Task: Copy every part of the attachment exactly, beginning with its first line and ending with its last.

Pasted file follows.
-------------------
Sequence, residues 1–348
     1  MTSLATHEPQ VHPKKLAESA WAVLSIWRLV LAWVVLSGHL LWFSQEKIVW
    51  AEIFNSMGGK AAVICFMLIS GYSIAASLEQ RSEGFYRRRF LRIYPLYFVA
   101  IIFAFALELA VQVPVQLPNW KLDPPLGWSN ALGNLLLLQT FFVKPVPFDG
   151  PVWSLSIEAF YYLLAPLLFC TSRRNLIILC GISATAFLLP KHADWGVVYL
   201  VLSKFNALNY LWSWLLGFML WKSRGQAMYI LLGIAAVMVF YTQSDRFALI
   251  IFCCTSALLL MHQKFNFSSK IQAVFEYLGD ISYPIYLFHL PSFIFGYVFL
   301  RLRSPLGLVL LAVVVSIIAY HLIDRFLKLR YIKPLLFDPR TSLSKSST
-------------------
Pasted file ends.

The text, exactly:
Sequence, residues 1–348
     1  MTSLATHEPQ VHPKKLAESA WAVLSIWRLV LAWVVLSGHL LWFSQEKIVW
    51  AEIFNSMGGK AAVICFMLIS GYSIAASLEQ RSEGFYRRRF LRIYPLYFVA
   101  IIFAFALELA VQVPVQLPNW KLDPPLGWSN ALGNLLLLQT FFVKPVPFDG
   151  PVWSLSIEAF YYLLAPLLFC TSRRNLIILC GISATAFLLP KHADWGVVYL
   201  VLSKFNALNY LWSWLLGFML WKSRGQAMYI LLGIAAVMVF YTQSDRFALI
   251  IFCCTSALLL MHQKFNFSSK IQAVFEYLGD ISYPIYLFHL PSFIFGYVFL
   301  RLRSPLGLVL LAVVVSIIAY HLIDRFLKLR YIKPLLFDPR TSLSKSST